Time to stop using language of "church"?

A brief conversation at SBL made me think about the use of the word "church" to translate ekklesia. The problem is that our word "church" is so overlaid with centuries of associations and connotations that when used in the New Testament it is very hard not to anachronistically read such things into the text.

Of course, I believe that the "church" of C21 is organically related to and descended from the ekklesia of C1 but it is so easy to misread the NT that I think perhaps we need to make the text strange again by resisting the word "church" in translation. A little distancing of horizons may open up enough space for us to hear the word afresh ... not least on the issue of the relation of Jews and Gentiles after the coming of Messiah.


Cheers for the post Robin, very thought provoking.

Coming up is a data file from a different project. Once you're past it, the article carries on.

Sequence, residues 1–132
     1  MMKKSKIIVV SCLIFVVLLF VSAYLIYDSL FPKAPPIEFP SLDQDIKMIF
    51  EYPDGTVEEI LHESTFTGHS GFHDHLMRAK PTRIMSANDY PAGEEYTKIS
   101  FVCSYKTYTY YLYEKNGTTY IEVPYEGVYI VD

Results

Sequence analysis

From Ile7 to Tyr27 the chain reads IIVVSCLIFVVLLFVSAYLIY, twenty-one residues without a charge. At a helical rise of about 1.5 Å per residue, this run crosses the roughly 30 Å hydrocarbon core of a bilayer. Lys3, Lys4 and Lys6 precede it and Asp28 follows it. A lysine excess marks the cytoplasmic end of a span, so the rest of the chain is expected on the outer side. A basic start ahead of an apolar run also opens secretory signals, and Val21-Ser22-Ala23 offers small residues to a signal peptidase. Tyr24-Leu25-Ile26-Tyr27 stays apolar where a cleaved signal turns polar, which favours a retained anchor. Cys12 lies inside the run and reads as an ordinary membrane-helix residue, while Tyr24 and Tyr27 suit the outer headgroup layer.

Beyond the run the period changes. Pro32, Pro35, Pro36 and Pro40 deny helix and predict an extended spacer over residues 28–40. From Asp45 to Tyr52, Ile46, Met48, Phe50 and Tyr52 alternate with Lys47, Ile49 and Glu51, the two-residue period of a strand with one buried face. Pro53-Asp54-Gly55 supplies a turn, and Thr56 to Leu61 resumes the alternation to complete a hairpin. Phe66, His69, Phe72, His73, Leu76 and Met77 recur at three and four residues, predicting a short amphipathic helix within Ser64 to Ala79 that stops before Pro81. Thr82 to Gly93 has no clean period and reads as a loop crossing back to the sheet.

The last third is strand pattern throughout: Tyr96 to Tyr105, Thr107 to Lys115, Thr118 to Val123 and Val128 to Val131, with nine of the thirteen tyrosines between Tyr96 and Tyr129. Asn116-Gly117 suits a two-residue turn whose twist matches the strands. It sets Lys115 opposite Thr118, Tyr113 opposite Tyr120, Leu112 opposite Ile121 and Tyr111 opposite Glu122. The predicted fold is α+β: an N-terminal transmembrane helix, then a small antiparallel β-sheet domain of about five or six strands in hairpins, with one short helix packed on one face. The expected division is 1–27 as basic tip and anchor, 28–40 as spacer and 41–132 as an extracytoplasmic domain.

I really like the idea of making the text 'strange' again (not least because of the Barthian overtones of that notion), and the rethinking of the language of church that you propose. I wonder what this means for the way emerging 'church' and established 'church' engage one another? The question is perhaps more appropriate for fresh expressions of 'church'. Perhaps rethinking the language in the way you propose will make the dialogue on these issues easier?
J.N. Darby's Bible always translates ekklesia as 'assembly.' He felt this was a better word to use than Tyndale's 'congregation.'

Do you own a Darby New Translation?
Martin Shields said…
The problem isn't confined to one word in the NT, so there's a place for a foreignising translation to encourage readers to think more carefully about the text.
Robin Parry said…

I agree and I like what you are doing with Genesis 1. A foreignising translation there is a very helpful thing.

Anonymous said…
just read that the King James translators were instructed to use the word "Church" to boost the power of the institutional organization ...

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